Racing: Fasliyev puts in Classic display

FROM THE casino to the racecourse to the bloodstock sales, they play for high stakes at Deauville in August. Playing God with horses, trying to buy or breed a Classic winner, is little different from playing roulette, and in races like yesterday's Prix Morny, the wheel slows and the little white ball begins to pick its spot. And just as it does so, over at the sales ring the heavy hitters are placing their bets for another season, and preparing to spin the wheel all over again.

It will be a couple of months yet before the croupier finally places a marker on this year's winning chips. The way his luck is rolling at the moment, though, it seems that Michael Tabor will finish the latest round of the game with the largest pile. Stravinsky won him the Nunthorpe Stakes at York last week and now heads for the Breeders' Cup Sprint. Montjeu, already the winner of the French and Irish Derbys, is the 2-1 favourite for the Prix de l'Arc de Triomphe. And in Fasliyev, who won the Prix Morny by four lengths yesterday, he has another potential Classic winner for next season.

Even allowing for the very soft ground, which often exaggerates a winning margin, Fasliyev's victory, his fifth from five starts, was immensely impressive. His rivals included Godolphin's City On A Hill, Bachir and Warm Heart, all of them unbeaten Group-race winners. When Mick Kinane sent him on with two furlongs to run, however, the only punters who still had an interest five seconds later were the ones who had backed him in a dual forecast.

Bachir, trained by John Gosden, eventually finished second, with his stablemate Warm Heart in third. "Was that a three-year-old we were racing against?" their trainer said afterwards, but the bad news for him was that Fasliyev will turn three at the stroke of the Millennium like the rest of yesterday's field. "Fasliyev is a lovely horse," Aidan O'Brien, his trainer said, "who is getting bigger and stronger all the time."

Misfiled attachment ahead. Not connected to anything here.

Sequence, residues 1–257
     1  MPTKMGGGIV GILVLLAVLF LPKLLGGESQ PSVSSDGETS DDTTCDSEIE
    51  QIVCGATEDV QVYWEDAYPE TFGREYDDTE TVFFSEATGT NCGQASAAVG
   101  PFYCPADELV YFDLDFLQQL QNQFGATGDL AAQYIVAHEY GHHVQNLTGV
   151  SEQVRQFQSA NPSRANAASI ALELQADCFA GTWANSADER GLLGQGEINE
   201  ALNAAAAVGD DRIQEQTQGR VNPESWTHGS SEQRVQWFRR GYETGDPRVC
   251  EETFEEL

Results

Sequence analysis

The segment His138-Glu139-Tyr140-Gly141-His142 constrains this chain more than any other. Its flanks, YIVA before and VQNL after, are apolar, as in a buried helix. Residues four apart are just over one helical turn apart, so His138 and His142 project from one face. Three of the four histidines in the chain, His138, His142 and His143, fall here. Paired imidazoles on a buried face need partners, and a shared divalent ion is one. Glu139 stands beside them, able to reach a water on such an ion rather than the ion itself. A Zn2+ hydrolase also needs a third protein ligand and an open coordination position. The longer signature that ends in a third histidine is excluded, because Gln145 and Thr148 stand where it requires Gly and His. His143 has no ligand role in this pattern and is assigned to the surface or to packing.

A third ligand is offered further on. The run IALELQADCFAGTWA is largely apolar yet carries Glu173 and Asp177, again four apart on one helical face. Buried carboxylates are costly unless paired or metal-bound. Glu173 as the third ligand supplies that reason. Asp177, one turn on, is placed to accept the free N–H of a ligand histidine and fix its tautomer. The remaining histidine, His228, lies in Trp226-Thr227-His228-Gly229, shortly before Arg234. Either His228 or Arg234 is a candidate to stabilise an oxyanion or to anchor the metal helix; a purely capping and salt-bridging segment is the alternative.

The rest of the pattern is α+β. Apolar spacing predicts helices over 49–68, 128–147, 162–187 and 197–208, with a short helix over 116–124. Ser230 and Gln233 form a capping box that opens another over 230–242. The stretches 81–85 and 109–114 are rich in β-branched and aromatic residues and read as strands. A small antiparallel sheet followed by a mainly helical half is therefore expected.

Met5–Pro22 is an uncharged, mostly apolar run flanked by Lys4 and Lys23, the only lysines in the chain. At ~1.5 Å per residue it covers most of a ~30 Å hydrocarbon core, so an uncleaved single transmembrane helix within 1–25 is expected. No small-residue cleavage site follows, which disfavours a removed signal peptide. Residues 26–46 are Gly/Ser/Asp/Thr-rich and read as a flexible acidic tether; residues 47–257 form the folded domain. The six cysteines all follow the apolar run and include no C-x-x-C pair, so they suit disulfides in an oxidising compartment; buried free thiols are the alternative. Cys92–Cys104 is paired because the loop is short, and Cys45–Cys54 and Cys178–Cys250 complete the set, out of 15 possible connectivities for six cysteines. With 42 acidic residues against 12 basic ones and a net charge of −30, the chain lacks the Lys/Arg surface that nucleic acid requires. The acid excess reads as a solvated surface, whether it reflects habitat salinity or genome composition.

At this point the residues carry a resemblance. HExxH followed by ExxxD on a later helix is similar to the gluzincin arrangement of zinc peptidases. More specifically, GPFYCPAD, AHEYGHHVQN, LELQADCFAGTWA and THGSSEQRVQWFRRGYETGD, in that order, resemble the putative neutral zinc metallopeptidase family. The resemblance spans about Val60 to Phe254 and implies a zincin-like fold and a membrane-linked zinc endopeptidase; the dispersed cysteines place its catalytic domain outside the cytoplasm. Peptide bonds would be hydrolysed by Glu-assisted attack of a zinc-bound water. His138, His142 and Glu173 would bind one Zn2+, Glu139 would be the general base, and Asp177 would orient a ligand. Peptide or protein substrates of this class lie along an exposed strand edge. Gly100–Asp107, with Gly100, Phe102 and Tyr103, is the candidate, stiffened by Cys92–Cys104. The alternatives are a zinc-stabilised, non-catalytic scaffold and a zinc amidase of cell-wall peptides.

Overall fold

It was more than enough to propel Fasliyev to the top of the market for next year's 2,000 Guineas, at odds of 8-1 with Coral. He is not the clear favourite, however, since a colt called Bernstein, a Group Three winner at The Curragh at the end of June, is on offer at the same price. He, too, is owned by Tabor and trained by O'Brien, and while his achievements to date are as nothing alongside those of Fasliyev, the whisper from Ballydoyle, it seems, is that Bernstein is the better colt.

Such are the equine riches that Tabor, O'Brien and the rest of the Ballydoyle operation have at their disposal. They have been active, too, in all the main bloodstock auctions so far this year, although an older hand at the game, Sheikh Maktoum al Maktoum, was the biggest buyer at Saturday's first session in Deauville. He bought six lots for a total price of FF10m, a little over pounds 1m, with his biggest individual splurge being FF4.2m on a colt by Danehill. Demi O'Byrne, the buyer for Coolmore Stud, Wafic Said and Sheikh Mohammed also left with several new toys.

Sheikh Mohammed must have been disappointed by City On A Hill's performance yesterday, but he did at least see Kayf Tara take a Group Two race for his Godolphin organisation. Facing just four rivals in the Prix Kergorlay, Kayf Tara made all the running to win at short odds. "The Irish St Leger is still on the agenda," Simon Crisford, Godolphin's racing manager, said, "and then possibly the Melbourne Cup. His is a much stronger animal this season and we intend to make him a more international horse."

Britain's racecourses are looking to be more international, too, if rumours are to be believed. A report yesterday claimed that the Racecourse Association intends to link up with Arena Leisure, which owns five British tracks, and RaceTech, who broadcast closed-circuit coverage to British courses, to launch a tax-free internet betting site, UK Racing Online.

The potential for a website which offers not just tax-free betting, but live coverage of the races concerned is clearly enormous. However, if the RCA is indeed involved in such a scheme, it does not seem to have told its racing director, Morag Gray.

"It is not a name I have come across," Gray said yesterday. "It is true we are looking to form relationships with companies interested in betting on the Internet with a view to providing pictures for web sites, but we are not planning to become directly involved in betting."

Graham Parr, the MD of Arena, however, said that he hoped to have the site up and running for next year's Grand National, possibly based in either the United States or Australia. "We have spent the last 18 months setting this up," he said. "I am certain we will be operating next year."

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